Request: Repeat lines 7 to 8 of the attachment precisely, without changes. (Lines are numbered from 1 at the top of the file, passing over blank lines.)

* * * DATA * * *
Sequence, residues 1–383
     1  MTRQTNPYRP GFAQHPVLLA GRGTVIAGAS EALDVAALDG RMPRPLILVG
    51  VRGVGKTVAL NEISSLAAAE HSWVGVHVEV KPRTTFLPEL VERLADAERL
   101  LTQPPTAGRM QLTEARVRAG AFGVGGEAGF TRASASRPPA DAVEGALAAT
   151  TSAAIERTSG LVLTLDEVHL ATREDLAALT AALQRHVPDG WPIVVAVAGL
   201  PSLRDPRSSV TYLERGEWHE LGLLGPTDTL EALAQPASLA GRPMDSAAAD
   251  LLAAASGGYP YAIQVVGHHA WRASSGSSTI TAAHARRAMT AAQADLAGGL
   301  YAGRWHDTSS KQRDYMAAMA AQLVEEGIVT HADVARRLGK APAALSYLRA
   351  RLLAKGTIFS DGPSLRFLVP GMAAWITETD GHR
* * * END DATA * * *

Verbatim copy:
   251  LLAAASGGYP YAIQVVGHHA WRASSGSSTI TAAHARRAMT AAQADLAGGL
   301  YAGRWHDTSS KQRDYMAAMA AQLVEEGIVT HADVARRLGK APAALSYLRA